(UPDATED, as of 2:50 P.M., October 22) It was a big day of celebration in Japan as Naruhito, the 126th ruler on the Chrysanthemum throne, ascended officially as Emperor of Japan in front of 2,000 guests, with dignitaries and heads of state from 183 countries.
The Japanese Imperial family prides itself on more than 2,000 of history. This year’s imperial transition was particularly significant due to the abdication of Emperor Akihito on April 30. This was the first abdication in more than 200 years, and gave way to Naruhito, who officially became the Emperor of the new Reiwa Era on May 1, 2019.
Although the ceremony in May was largely aimed at a Japanese audience in formal western clothing, the pomp and circumstance that took place six months later on Tuesday, October 22, was very much a way of announcing the new Emperor to the world in Japanese style.
On the morning of Tuesday, at about 9 A.M., Naruhito was already engaged in preparatory rituals to announce the impending enthronement ceremony to the deity Amaterasu. Wearing a pure white kimonos, Emperor Naruhito and his wife Masako, were seen at the Three Palace Sanctuaries within the imperial grounds, and then heading to the Kashidokoro.
The enthronement ceremony, Sokui-Seiden-no-Gi, began at 1 P.M. on October 22, featuring the Jewel and the Sword, two of the three imperial regalia used in formal occasions.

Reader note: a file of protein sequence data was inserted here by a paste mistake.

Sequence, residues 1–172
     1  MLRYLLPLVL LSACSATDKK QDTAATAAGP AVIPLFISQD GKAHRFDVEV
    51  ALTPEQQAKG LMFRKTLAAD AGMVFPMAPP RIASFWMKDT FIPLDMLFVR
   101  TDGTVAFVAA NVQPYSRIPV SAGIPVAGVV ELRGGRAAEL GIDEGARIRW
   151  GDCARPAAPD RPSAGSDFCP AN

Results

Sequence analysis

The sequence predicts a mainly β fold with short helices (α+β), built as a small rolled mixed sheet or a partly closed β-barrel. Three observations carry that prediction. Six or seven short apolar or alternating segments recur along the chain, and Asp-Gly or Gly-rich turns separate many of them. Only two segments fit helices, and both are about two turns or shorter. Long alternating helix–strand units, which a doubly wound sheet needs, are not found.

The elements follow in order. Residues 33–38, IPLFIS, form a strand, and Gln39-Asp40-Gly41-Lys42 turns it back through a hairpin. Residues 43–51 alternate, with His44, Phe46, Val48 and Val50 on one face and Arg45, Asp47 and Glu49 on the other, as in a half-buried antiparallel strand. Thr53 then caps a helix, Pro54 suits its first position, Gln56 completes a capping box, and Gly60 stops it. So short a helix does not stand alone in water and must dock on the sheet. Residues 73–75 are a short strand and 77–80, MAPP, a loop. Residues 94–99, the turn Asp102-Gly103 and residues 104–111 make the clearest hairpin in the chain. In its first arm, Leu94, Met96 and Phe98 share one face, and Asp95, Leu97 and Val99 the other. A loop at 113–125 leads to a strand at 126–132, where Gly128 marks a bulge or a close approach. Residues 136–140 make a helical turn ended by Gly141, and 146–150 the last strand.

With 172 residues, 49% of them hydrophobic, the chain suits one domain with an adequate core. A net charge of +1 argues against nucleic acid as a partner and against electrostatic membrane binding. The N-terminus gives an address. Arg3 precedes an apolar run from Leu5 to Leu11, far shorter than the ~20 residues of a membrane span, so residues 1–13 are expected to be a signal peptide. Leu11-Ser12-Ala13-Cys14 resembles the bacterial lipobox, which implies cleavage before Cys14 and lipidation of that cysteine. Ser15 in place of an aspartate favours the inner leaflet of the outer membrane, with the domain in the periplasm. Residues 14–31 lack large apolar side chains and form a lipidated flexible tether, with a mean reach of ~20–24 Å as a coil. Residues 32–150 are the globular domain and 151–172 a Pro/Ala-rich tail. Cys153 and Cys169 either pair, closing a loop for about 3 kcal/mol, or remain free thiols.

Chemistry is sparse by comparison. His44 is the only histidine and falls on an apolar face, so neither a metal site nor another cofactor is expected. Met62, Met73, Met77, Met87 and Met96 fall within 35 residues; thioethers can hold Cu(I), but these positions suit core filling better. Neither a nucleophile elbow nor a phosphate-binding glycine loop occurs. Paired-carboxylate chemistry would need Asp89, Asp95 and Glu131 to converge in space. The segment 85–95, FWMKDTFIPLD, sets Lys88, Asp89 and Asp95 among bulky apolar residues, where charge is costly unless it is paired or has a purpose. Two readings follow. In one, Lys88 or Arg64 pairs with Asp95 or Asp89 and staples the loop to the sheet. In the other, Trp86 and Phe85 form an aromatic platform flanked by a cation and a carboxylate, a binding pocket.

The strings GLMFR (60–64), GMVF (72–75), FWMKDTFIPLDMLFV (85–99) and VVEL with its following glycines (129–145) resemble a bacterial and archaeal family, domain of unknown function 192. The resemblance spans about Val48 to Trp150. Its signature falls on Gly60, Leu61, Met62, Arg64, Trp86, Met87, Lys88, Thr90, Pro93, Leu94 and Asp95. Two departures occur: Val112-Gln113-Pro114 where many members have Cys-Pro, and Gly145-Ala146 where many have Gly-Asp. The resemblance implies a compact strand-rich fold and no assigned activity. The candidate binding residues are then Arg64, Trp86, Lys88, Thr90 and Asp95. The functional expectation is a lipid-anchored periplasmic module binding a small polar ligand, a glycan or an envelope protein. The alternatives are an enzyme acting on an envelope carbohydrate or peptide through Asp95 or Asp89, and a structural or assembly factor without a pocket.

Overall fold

The highlight of the ceremony featured the Emperor wearing a kimono with a color that only the ruler of Japan can wear, and the Empress wearing a 12-layered kimono, ascending the special thrones, the Takamikura and Michoudai, respectively.
Naruhito in his speech, declared the following:
I pledge hereby that I shall act according to the Constitution and fulfill my responsibility as the symbol of the State and of the unity of the people of Japan, while always wishing for the happiness of the people and the peace of the world, turning my thoughts to the people and standing by them.
Prime Minister Shinzo Abe gave a congratulatory address to the new Emperor of Japan, declaring:
We, the Japanese people as one, recognize the Emperor as the symbol of Japan and the Japanese people. With our heart filled with hope in a time of peace, we will strive towards a brilliant future Japan can be proud of. We will do our best for people’s hearts to come together in beautifully, and create an era where culture can prosper.
Prime Minister Abe followed the address by three calls of “Banzai!” — used in this context much in the same way as "God save the king!"
According to NHK national broadcasting agency, the originally planned 78 people who were supposed to wear the traditional ceremonial kimono were reduced by 25 due to the rain.
In the evening around 7.20 P.M., the celebratory banquet is set to take place with over 2,000 invitees.
Author: JAPAN Forward